- Associated Press - Sunday, September 7, 2014

PROVIDENCE, R.I. (AP) - Voters head to the polls Tuesday to choose the Democratic and Republican gubernatorial nominees along with other candidates who will compete in the November general election. Most polls open at 7 a.m., though not until 8 a.m. or 9 a.m. in some communities. Polls close everywhere at 8 p.m.

Here are some of the hottest races:



The Democratic gubernatorial contest is a close race. General Treasurer Gina Raimondo touts her experience overhauling the state pension system as proof she’s a leader who can invigorate the state’s lagging economy. Providence Mayor Angel Taveras highlights how he saved the capital city from fiscal collapse and says he’ll push for policies to help the middle class. Political newcomer Clay Pell says the state needs a different type of leader. He says he brings a fresh perspective and the strategic vision to rebuild the state’s economy. The winner faces one of two Republicans: Cranston Mayor Allan Fung or businessman Ken Block. Fung, who has tried to portray himself as the real Republican in the race, says he’ll use his experience leading the state’s third-largest city to create jobs and foster a business friendly environment. Block, who founded the Moderate Party, says he has the business acumen necessary to fix the economic climate and eliminate wasteful government spending. Democratic Gov. Lincoln Chafee isn’t seeking re-election.



Three Democrats are looking to succeed the term-limited incumbent Lt. Gov. Elizabeth Roberts. Secretary of State Ralph Mollis says he has made Rhode Island more business friendly during his tenure and would build on that. Cumberland Mayor Dan McKee highlights his experience during six terms as mayor, including how he stabilized town finances, and says he’ll challenge the old way of doing business. Departing state Rep. Frank Ferri says his time at the Statehouse will help him serve as a bridge between the General Assembly and governor. The Democratic winner is expected to face Republican Catherine Taylor, who lost to Mollis in the 2010 secretary of state’s race.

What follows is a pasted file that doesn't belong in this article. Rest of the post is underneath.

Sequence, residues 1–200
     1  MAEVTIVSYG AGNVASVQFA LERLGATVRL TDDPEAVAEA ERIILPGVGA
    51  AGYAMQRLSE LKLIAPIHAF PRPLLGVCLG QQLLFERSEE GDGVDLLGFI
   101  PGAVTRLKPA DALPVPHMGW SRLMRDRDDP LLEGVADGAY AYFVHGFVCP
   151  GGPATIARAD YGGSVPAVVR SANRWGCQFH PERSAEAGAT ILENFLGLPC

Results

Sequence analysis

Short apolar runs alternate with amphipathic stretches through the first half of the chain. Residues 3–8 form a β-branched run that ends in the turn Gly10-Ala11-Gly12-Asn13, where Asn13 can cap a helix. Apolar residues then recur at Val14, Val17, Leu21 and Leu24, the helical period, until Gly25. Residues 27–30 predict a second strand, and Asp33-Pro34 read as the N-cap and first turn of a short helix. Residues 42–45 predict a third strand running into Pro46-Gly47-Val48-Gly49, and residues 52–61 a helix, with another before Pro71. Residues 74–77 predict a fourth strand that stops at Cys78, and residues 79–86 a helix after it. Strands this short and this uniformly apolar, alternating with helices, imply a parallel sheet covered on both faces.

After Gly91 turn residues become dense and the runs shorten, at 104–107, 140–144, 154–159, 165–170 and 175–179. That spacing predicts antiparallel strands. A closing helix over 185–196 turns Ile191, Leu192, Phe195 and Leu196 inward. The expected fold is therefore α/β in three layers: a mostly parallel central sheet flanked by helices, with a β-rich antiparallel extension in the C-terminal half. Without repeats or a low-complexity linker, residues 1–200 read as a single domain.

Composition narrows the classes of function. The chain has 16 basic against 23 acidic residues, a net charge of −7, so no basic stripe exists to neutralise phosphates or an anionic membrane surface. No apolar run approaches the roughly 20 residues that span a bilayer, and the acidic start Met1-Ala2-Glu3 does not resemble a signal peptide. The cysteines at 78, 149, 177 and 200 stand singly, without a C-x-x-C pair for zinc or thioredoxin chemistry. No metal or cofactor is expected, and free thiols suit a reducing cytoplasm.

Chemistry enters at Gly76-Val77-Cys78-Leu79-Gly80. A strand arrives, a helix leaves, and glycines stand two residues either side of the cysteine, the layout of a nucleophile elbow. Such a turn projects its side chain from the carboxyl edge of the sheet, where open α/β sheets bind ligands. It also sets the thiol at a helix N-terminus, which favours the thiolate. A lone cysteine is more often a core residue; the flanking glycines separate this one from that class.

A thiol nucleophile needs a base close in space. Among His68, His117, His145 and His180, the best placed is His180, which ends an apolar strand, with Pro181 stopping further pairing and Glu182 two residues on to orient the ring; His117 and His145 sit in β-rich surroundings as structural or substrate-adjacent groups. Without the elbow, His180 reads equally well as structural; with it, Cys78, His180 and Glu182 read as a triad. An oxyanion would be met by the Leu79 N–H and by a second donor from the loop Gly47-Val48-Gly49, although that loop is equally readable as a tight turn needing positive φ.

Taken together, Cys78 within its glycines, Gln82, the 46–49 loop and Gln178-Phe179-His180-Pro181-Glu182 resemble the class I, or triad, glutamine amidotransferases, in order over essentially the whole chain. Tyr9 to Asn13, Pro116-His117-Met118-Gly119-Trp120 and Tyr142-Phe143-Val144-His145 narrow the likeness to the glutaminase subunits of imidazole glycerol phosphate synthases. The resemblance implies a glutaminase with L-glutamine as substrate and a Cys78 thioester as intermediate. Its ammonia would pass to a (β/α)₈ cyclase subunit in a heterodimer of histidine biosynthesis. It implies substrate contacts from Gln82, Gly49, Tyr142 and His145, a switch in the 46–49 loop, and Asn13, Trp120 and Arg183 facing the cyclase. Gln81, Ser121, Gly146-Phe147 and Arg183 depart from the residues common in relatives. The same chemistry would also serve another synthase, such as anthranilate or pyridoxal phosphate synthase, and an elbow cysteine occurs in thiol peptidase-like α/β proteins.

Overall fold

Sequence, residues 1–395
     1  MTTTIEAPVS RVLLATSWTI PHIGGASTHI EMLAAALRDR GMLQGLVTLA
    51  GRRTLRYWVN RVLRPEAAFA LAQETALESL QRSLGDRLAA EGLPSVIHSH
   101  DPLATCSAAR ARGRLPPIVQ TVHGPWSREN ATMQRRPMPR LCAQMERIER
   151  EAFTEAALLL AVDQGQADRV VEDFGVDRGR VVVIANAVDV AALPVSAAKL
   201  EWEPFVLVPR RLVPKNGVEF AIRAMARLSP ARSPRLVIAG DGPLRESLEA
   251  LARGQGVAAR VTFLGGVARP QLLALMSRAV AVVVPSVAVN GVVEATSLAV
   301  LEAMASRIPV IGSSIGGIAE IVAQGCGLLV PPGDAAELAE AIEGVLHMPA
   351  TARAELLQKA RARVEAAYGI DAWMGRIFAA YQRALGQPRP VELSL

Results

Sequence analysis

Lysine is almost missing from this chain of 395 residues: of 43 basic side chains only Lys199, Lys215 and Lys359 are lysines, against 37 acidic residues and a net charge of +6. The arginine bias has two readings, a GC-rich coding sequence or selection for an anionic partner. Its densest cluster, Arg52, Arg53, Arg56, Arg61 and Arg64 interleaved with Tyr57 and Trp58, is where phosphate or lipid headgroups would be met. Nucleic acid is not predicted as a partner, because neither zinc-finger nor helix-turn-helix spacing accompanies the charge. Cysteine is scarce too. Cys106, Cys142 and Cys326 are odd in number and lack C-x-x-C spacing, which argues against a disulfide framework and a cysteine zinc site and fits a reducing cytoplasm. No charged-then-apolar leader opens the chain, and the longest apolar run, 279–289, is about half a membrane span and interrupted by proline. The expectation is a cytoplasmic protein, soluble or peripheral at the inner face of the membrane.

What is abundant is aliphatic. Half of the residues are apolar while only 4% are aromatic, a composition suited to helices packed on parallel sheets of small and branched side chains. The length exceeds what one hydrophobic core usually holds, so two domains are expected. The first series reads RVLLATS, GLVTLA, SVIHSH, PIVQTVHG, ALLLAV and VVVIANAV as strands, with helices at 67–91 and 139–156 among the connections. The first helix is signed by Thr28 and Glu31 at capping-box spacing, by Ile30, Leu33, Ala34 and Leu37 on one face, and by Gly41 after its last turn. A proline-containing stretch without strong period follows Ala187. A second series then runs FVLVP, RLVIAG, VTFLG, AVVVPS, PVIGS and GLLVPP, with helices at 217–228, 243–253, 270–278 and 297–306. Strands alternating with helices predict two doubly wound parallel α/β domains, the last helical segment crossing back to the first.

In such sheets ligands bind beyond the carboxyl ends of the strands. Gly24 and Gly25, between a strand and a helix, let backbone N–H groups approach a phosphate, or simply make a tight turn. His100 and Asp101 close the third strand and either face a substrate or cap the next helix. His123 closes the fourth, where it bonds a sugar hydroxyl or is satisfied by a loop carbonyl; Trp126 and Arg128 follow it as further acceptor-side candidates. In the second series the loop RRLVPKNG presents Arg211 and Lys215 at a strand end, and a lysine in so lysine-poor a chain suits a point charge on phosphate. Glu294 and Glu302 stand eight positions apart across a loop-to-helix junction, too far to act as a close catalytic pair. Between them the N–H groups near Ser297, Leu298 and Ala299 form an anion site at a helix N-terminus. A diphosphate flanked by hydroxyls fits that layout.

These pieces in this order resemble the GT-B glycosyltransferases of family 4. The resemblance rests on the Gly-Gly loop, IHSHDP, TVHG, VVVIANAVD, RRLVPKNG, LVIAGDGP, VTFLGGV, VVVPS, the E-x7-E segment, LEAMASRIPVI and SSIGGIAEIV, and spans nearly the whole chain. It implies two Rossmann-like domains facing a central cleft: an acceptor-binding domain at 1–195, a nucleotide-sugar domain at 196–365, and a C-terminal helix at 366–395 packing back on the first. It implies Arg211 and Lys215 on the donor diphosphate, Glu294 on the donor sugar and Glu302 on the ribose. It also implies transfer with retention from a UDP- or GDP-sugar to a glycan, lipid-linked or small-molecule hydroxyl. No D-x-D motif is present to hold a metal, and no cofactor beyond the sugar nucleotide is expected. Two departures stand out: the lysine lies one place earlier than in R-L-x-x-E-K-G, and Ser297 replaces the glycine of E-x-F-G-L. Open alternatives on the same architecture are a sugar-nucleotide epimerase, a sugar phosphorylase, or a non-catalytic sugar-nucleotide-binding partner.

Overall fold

The Democratic race features Nellie Gorbea, a former deputy secretary of state, against Newport businessman Guillaume De Ramel, who narrowly lost the 2006 Democratic primary to current Secretary of State Ralph Mollis. Gorbea says she will ensure that elections are fair, fast and accurate, make state government more transparent and help small businesses thrive. De Ramel says he has the experience starting and growing businesses to improve the state’s business climate, which he says suffers from too much red tape and too little action. The winner faces Republican John Carlevale, who has run unsuccessfully several times for political office.



The Democratic race pits a political veteran, former Treasurer Frank Caprio, against a political newcomer, Seth Magaziner. Magaziner, an investment professional, says he jumped into the race because he’s frustrated with Rhode Island’s failure to rebound from the recession. He wants to use the treasurer’s office to promote economic growth. Caprio, an attorney and investor, says he wants to use what he learned in his first term to improve the office. Caprio has promised to be an advocate for small businesses. The winner faces former state Auditor General Ernie Almonte, an independent.



Two Democrats are competing for the chance to take on former Mayor Buddy Cianci in November. City Council President Michael Solomon is a restaurant owner and says his nearly eight years on the council give him the experience needed to run the city. He says he “cleaned up the mess” that Cianci made during 21 years at City Hall. Law professor and former housing court judge Jorge Elorza says he has built a citywide coalition that will carry him to victory over Cianci. Cianci, a two-time convicted felon, is running as an independent.



On the Republican side in the 1st Congressional District, two political newcomers are vying to go up against incumbent U.S. Rep. David Cicilline: former Marine Cormick Lynch and Brown University medical student Stan Tran. Among the interesting General Assembly races: Democratic Rep. Maria Cimini in Providence is trying to fend off a challenge from lawyer Dan McKiernan, who is backed by House Speaker Nicholas Mattiello. Democratic Sen. Gayle Goldin drew opposition from real estate agent Chris Wall, whose campaign is being aided by $75,000 in independent expenditures by a national real estate group. Meanwhile, three Democrats are seeking the nomination for the seat being vacated by ex-House Speaker Gordon Fox. They are activist Aaron Regunberg, Teach For America-Rhode Island executive director Heather Tow-Yick and lawyer Miriam Ross. Most state legislators have no primary challenges.

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